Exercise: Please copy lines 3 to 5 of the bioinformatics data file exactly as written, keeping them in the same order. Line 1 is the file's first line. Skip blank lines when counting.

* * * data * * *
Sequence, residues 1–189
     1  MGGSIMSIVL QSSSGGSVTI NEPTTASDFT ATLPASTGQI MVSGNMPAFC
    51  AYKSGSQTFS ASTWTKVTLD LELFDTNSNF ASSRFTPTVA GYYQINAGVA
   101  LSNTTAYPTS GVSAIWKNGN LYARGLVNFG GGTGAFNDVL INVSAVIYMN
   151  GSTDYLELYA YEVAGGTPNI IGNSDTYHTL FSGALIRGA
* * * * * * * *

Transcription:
    51  AYKSGSQTFS ASTWTKVTLD LELFDTNSNF ASSRFTPTVA GYYQINAGVA
   101  LSNTTAYPTS GVSAIWKNGN LYARGLVNFG GGTGAFNDVL INVSAVIYMN
   151  GSTDYLELYA YEVAGGTPNI IGNSDTYHTL FSGALIRGA